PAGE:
Saturday Night

in Helsinki



affect struggle reputation
sober screwed tear apart
harbor weed (2) surrounded
liquor hangover hard liquor
allow restrict flashback
shy random survey (2)
hostel shot (2) affordable
taboo rehearsal melodramatic




Night time in Helsinki. Winter is coming but they’re still plenty of people on the streets having a good time.

And maybe others who’ve had too good of a time.

I’ve come to Finland. The country has a reputation for fun and music.

And also for alcohol.

I’m on my way to a bar to meet a young women struggling with her drinking. Emma is one of three young people whose lives have been affected by drugs.

They’ll tell me and my fellow reporters during the show.

Emma’s only 22 years old but she already has a long history of drinking. From the very start, she knew she had a problem.

Emma: “It was tearing me apart inside because I felt like there was no way out. I couldn’t drink, but I couldn’t stay sober. I was like, I’m screwed, you know. I’m really screwed, you know.”

People here can have one beer and that’s it. But if I have one beer, I probably end up smoking weed, doing cocaine, waking up surrounded by a bunch of random guys.”

Emma wants to show me where her drinking started.

She takes me to one of Finland’s state owned liquor stores — the only shops in the country allowed to sell wine and hard liquor like vodka.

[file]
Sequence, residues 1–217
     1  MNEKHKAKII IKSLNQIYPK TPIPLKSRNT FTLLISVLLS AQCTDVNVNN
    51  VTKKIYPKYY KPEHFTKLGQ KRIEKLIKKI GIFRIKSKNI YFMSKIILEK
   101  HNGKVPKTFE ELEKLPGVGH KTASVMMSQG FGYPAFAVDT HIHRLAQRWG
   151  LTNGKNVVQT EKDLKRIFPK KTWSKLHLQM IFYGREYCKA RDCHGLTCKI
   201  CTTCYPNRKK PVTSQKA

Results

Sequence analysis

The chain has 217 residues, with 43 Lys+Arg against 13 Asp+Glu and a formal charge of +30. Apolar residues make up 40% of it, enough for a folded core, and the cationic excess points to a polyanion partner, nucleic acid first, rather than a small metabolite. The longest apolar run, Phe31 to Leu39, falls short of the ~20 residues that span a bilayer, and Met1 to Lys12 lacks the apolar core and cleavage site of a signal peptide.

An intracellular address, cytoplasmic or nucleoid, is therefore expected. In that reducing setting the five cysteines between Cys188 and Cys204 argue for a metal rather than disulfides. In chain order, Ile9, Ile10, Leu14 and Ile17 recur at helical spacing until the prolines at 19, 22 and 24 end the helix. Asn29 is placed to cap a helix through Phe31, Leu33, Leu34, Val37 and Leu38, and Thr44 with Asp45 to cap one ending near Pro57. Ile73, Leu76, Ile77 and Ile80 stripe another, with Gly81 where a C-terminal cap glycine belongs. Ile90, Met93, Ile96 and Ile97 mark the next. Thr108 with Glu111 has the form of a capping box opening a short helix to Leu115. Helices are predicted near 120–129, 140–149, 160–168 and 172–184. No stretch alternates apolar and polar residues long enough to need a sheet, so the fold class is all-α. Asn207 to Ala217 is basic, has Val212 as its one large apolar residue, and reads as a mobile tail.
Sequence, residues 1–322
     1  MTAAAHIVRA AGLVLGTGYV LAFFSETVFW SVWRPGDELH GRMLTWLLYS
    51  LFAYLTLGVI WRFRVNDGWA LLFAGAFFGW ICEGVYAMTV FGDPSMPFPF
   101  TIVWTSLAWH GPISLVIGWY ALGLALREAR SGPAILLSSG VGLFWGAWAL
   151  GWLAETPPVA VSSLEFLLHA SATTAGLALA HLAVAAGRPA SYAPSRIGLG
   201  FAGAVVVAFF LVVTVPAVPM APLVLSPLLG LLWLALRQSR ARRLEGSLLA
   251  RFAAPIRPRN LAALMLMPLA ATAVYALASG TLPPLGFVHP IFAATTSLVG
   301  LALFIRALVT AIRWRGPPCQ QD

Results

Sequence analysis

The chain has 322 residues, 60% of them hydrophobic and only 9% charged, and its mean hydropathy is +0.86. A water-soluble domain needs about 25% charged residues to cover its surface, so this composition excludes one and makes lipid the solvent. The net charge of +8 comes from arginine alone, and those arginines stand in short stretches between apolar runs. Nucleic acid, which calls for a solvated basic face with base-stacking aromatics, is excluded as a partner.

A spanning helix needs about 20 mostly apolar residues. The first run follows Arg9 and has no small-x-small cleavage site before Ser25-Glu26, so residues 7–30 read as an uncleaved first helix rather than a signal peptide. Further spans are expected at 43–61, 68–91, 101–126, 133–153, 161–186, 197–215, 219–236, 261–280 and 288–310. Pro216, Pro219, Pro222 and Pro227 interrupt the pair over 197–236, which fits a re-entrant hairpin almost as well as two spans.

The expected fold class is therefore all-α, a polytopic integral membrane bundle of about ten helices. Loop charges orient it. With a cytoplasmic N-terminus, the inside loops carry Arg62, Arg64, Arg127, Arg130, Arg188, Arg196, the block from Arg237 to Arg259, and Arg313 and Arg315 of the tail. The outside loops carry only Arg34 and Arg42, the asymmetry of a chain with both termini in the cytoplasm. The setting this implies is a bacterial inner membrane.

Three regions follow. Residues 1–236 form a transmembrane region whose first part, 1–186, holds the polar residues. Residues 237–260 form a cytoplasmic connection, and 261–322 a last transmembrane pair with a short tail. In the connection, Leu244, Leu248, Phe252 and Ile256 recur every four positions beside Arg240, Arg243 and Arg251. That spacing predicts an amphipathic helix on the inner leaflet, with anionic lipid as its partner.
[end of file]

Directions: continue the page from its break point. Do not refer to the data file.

But restrictions didn’t stop Emma from starting to drink at a young age.

Emma: “My first drink was half a bottle of Red Cat and half a bottle of Green Cat. And I was soooo drunk. I was 13 and my hangover lasted for three days.

All of my money basically went to drinking, and I didn’t really buy food. I didn’t really care about that stuff. And for a year I tried to control it but then I realized it’s everything or nothing.”

Saturday night in Helsinki.

And I’m heading out to the bars on my own, without Emma.

I’m having a beer or two like a lot of people here. But true to their reputation, as the night goes on, it seems like almost everyone around me is getting drunk.

In Finland, people drink differently than in the two countries I’ve lived in. Over half of Finnish drinkers in a survey said they’ve recently had more than five drinks in one night.

In the US, where I’m from, it’s 25% of drinkers, and in Germany, it’s only 15%.

So Finns, when they drink—they drink a lot.

Woman One: “We take a couple of shots and a couple of drinks and then a couple of shots and then a couple of drinks and so on and so on, and at the end of the night….”

Man One: “People like five shots and seven beers and then psht.”

Woman Two: “We’ve come to know that we’re really drunk to interact with people or something. And that’s why we did it. I think it’s like a shyness we have.”

Journalist: “Does that make people alcoholics?”

Man: “No. Not really.”
Woman Three: “Yes.”
Man: “Not true.”
Woman Three: “Yes.”
Man: “Well not here.”
Woman Three: “Yes they are.”

Woman Four: “They have a drinking problem. They just don’t want to think about it. But then again everyone does this.”

I visit the harbor, where every day, boats come in from Estonia. Many Finns make the trip there for one reason only: to bring back cheap alcohol.

Finland has some of the highest alcohol taxes in Europe.

While that make drinking here less affordable, it doesn’t seem to stop anyone.

I meet up again with Emma.

She shows me some old videos from her past life.

Journalist: “When was the last time you saw these?”